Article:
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March 8, 2013

SC targets seventh graders for whooping cough vaccine

Starting next school year, SC will require all rising seventh graders prove they have received a vaccine for pertussis, or whooping cough, on or after their seventh birthday.

A drop in S.C. childhood immunizations and a recent spike in cases of whooping cough statewide – a potentially fatal disease – has public health officials and lawmakers working to ensure children are vaccinated against that disease.

Starting in the fall, the state will require all rising seventh graders prove they have received a vaccine for pertussis, or whooping cough, on or after their seventh birthday. The vaccine also includes immunizations for tetanus and diphtheria.

Whooping cough is a highly contagious, potentially fatal respiratory disease that is most severe in infants. It can prevent an infant from being able to breathe or eat, and cause brain damage, pneumonia and other serious conditions.

The disease often is transmitted to infants from adolescents and adults who are carrying it, said Leanne Bailey, director of S.C. Department of Health and Environmental Control’s immunization division. Ensuring adolescents are immunized is an effort to curb future cases, especially among infants, Bailey said.

Legislators are concerned about falling vaccination rates.

“If we stay on this course, some diseases we thought were near eradication could resurface,” said state Sen. Brad Hutto, D-Orangeburg, a member of the Joint Citizens and Legislative Committee on Children, made up of legislators, citizens, and public health and education officials.

Legislators are moving to make mandatory an immunization-reporting system that health care providers now participate in on a voluntary basis. When the program launches, the state will have more reliable data about how many children are getting immunizations, Bailey said.

The registry also will help doctors diagnose patients more accurately and quickly, said Anna-Kathryn Rye, director of the Division of Pediatric Infectious Diseases at the University of South Carolina. Asking parents about their children’s vaccine status is not always accurate because, “most of the time, parents have no idea,” she said.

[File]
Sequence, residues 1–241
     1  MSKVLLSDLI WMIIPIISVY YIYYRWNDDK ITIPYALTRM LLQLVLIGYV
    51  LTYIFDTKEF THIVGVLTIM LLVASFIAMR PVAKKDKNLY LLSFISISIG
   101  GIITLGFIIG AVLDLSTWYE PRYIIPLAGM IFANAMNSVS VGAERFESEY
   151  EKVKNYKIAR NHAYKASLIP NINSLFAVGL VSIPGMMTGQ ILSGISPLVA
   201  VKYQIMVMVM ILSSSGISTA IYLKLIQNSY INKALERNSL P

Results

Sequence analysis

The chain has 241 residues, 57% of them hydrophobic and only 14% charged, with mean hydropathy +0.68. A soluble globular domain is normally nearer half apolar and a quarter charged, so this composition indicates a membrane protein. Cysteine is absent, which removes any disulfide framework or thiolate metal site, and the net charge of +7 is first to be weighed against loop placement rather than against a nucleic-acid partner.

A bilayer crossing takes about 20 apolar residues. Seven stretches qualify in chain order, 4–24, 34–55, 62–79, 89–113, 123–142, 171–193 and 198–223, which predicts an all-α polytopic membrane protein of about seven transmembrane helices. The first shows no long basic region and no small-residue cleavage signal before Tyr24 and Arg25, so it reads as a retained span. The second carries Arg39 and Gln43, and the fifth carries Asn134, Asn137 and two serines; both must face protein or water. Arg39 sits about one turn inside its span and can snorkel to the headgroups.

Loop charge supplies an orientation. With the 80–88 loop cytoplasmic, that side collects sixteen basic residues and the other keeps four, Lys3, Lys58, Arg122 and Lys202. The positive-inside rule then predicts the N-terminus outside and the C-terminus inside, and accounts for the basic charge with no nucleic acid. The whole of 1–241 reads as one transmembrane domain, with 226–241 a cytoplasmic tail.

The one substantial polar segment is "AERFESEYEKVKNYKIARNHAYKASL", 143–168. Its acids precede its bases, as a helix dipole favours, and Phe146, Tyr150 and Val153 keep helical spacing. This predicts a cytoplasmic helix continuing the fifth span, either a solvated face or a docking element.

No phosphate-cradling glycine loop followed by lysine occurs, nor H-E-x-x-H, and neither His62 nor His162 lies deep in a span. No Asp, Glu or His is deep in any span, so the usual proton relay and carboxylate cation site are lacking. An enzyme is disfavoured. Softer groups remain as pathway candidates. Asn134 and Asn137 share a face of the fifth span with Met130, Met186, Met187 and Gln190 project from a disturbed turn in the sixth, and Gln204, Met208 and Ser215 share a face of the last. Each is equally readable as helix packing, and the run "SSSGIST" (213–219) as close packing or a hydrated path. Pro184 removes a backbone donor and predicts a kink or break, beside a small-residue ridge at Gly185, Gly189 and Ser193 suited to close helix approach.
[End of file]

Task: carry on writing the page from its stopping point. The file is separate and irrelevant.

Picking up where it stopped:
More cases recently

Since 1998, South Carolina has seen increases in the number of reported cases of whooping cough, including spikes in 2005 and 2010, according to the state health department.

From 1999 to 2002, the state had between 26 and 62 reported cases a year. In 2005, however, the state had 413 cases reported, and in 2010, there were 404 cases reported.

In 2010, state health officials issued several warnings about rising cases of whooping cough, especially among infants.

There were 81 cases of whooping cough reported in the first 20 weeks of 2010, doubling the number of cases reported in each of the three years prior, the state health department reported in June of that year. The number of cases reported crested the epidemic threshold in six of those weeks. In March 2010, two infants were hospitalized in Aiken County alone.

In 2011, whooping cough cases reported dropped to 143.

The move to protect the public against whooping cough stems, in part, from declining rates in immunizations for children 2 years or younger in the state.

The Committee on Children recently reported South Carolina’s childhood immunization rate is declining while the national average is rising.

In 2011, 73.3 percent of children nationally had received all their recommended immunizations, up from 68.4 percent in 2008 and 63.6 percent in 2009, according to the Centers for Disease Control and Prevention.

However, from 2008 to 2009, South Carolina’s childhood immunization rate fell to 59.7 percent from 70.6 percent. In 2010 – the same year that pertussis cases in the state spiked – the state immunization rate jumped to 73.6, above the national average, but the next year it fell to 69.8 percent, below the national average.

For every dollar spent on immunizations – preventing an estimated 600,000 illnesses and 1,300 deaths annually in the state – about $10 is saved in the cost of treating disease, the committee reported.

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